Artists of Huayin Laoqiang rehearse at Shaanxi Opera House on June 30. They perform at a concert held on the west peak of Huashan Mountain on July 4. [Photo provided to China Daily]
Huashan Mountain in Shaanxi province is one of China's five most famous scenic mountains and is known for its steep and perilous peaks. On July 4, the Xi'an Symphony Orchestra held a concert on the mountain's west peak, at an altitude of about 2,000 meters. The concert was streamed live.
Titled XSO Meets Huashan Mountain Summit Clouds Rhapsody, the concert featured more than 200 musicians from the Xi'an Symphony Orchestra and its chorus under the baton of conductor Tang Muhai.
According to Cao Jiwen, branding director of the Xi'an Symphony Orchestra, all musical instruments were transported to the west peak by cable car.
"It's exciting to imagine musicians performing among a sea of cloud on the peak of Huashan Mountain. The audience can enjoy classical music with a stunning vista of nature," says Cao, adding that the idea of holding a concert on Huashan Mountain was suggested a year ago. Due to the coronavirus pandemic, the concert had been postponed until July.
He notes that Huashan Mountain is also a holy site in Taoism and is associated with the birth and practice of traditional Chinese martial arts.
Therefore, the repertoires of the concert showcased the mountain's rich significance and local culture.
One of the highlights of the concert was the opening piece, which had musicians and the orchestra chorus perform with a local troupe of Huayin Laoqiang (Huayin ancient tune), a traditional folk song, titled Jiangling Yisheng Zhen Shanchuan (The General Commander's Order Shakes Mountains and Rivers).
Considered as the oldest version of rock-and-roll in China, Huayin Laoqiang was born in Huayin city, where Huashan Mountain is located. The traditional opera form is a genre developed from a folk storytelling art in Shaanxi province, crafted at the end of the Ming Dynasty (1368-1644) and early period of the Qing Dynasty (1644-1911). It was listed as a national intangible cultural heritage in 2006.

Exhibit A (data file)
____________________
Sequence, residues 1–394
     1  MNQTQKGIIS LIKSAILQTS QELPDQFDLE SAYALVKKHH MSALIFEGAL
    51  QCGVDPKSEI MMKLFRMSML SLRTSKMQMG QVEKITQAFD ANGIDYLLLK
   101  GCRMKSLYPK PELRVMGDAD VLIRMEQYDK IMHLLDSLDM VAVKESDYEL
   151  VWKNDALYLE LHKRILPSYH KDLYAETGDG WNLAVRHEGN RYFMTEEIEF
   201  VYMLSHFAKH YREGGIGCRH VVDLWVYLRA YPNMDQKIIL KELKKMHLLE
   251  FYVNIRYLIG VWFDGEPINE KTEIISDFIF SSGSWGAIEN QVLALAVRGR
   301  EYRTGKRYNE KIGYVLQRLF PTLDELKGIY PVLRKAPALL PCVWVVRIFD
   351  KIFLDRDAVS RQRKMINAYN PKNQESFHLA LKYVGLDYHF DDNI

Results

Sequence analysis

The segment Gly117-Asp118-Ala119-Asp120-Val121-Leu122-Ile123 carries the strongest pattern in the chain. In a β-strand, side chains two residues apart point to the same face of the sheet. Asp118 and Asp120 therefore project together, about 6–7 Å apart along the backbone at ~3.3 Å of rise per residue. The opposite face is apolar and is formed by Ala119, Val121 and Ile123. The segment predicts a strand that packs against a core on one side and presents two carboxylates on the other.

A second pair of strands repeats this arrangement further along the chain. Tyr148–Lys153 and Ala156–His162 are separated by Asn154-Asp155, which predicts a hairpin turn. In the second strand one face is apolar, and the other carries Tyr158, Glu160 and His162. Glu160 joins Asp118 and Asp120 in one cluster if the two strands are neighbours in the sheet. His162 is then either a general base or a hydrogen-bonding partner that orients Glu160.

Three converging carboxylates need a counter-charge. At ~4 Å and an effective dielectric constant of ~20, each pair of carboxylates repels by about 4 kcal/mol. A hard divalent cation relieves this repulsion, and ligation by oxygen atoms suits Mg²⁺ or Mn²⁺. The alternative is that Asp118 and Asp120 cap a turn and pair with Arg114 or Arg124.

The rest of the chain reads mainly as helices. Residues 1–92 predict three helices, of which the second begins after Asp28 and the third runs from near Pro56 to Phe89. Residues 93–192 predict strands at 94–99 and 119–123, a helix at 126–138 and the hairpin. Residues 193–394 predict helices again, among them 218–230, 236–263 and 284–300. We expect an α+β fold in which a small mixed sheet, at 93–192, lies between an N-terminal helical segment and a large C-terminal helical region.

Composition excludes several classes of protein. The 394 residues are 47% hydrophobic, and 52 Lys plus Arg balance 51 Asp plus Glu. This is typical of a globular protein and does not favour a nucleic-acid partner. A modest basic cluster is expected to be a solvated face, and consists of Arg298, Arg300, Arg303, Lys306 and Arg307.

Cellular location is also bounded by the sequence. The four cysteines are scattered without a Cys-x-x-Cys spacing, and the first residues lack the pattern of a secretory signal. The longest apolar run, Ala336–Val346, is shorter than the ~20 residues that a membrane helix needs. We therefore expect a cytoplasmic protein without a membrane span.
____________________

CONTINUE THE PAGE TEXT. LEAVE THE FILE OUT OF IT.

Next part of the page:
In 2015, Chinese pop singer Tan Weiwei and five senior artists from a troupe of Huayin Laoqiang jointly performed on a TV show, which caused a sensation among viewers. The performance brought Huayin Laoqiang into the spotlight and attracted many audiences.
"When I was commissioned to adapt the piece, I was surprised and excited. It felt like a good cook having the best ingredients, which will give birth to a great dish," says composer Sun Chang, who adapted the old piece into a 3-minute-long work for the concert. "I didn't know much about Huayin Laoqiang, but when I read the material, I was impressed by its history and culture. The adaptation has to be loyal to their tradition and the combination of classical music and the ancient opera should be creative while preserving their distinctive features."
Tang Muhai, renowned conductor. [Photo provided to China Daily]
Graduating from the Shanghai Conservatory of Music with a master's degree in 2011, Sun, who is also a pianist, has been teaching at the university's conducting department since then. He has adapted lots of music pieces both from China and from the West, including Chinese folk songs, Jasmine Flower and Lion Dance, both staged at the Palace of Versailles in 2014 during a concert marking the 50th anniversary of the establishment of diplomatic relations between China and France.
"I have done lots of adaptations which mix Chinese and Western music pieces together. I used to combine two different music styles and minimize their differences. But now, I want to present their differences and to showcase their own styles," says Sun, adding that Western classical music is based on beat while the high-pitched and powerful Huayin Laoqiang is centered on the rhythm of local dialect. "The musicians of the orchestra and chorus look at the conductor but musicians of Huayin Laoqiang don't have to look at the conductor. They have their own rhythm."
Other music pieces staged during the concert included Chinese composer Zhao Jiping's Symphony No 1, Beethoven's Egmont Overture and composer Tan Dun's violin concerto for Chinese director Zhang Yimou's film Hero.
Founded in 2012, the orchestra has recruited musicians from around the country, mostly younger than 30.
It's not the first time that the Xi'an Symphony Orchestra performed outside concert halls. They've played at various locations in Xi'an, including the Shaanxi History Museum and the Emperor Qinshihuang's Mausoleum Site Museum.
Cao says that the Xi'an Symphony Orchestra has been finding creative ways to engage with their audience amid the COVID-19 pandemic. Since Feb 21, the orchestra chorus has presented about 80 shows through live streaming and the symphony orchestra has performed 11 online shows. The shows have attracted more than 23 million viewers.